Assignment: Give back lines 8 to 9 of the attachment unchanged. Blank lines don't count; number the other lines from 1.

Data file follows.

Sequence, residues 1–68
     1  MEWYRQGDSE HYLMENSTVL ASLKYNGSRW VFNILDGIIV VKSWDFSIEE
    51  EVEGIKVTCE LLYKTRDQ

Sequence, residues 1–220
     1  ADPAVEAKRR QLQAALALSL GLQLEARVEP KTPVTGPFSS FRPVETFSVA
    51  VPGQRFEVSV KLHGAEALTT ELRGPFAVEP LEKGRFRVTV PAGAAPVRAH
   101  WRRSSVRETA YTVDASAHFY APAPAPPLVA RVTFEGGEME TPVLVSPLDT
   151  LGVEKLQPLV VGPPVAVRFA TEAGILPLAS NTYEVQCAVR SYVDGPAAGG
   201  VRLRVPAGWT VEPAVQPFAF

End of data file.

   151  LGVEKLQPLV VGPPVAVRFA TEAGILPLAS NTYEVQCAVR SYVDGPAAGG
   201  VRLRVPAGWT VEPAVQPFAF